“A distressing phenomenon is occurring throughout the industrialized world. Many community services have been deteriorating – fewer postal deliveries, larger classes in public schools, less reliable garbage pickups – even though the public is paying more for them.”
–Baumol and Blinder, Macroeconomics: Principles and Policy, 5th Ed., 1991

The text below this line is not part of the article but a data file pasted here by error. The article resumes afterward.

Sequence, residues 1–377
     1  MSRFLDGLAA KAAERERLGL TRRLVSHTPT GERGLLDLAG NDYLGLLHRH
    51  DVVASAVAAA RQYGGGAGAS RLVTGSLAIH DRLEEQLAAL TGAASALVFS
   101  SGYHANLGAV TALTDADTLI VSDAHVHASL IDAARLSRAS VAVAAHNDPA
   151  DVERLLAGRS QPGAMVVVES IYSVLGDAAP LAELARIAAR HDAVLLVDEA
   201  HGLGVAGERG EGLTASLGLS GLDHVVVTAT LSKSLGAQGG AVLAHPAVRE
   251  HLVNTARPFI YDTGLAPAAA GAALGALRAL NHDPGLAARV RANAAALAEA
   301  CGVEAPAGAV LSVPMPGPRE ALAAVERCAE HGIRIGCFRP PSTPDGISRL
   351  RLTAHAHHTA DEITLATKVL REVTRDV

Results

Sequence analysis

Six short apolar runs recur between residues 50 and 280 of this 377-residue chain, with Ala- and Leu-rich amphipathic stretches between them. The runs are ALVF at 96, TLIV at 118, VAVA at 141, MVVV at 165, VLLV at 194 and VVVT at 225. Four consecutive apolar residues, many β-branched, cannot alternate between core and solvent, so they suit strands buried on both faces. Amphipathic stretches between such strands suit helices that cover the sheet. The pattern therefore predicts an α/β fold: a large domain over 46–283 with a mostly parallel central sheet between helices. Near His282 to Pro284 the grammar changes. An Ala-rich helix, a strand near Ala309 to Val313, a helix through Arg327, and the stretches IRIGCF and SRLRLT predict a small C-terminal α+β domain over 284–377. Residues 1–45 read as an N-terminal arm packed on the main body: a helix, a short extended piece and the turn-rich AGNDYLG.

I so hated economics in college that I failed the only course I took. About 25 years later, I bought a used, paperback version of Baumol and Blinder’s Macroeconomics for 99 cents at the MSU bookstore. At that time I was working for Chelsea Hospital and reading about “Baumol’s cost disease” convinced me forever of the relevance and importance of economics. Baumol – like many of his postwar colleagues – remained a working economist into his 90’s, so he not only provided guidance in how to think but an inspirational lesson in how to live. I never met him, but as I write this his textbook, an old friend, sits open on my desk.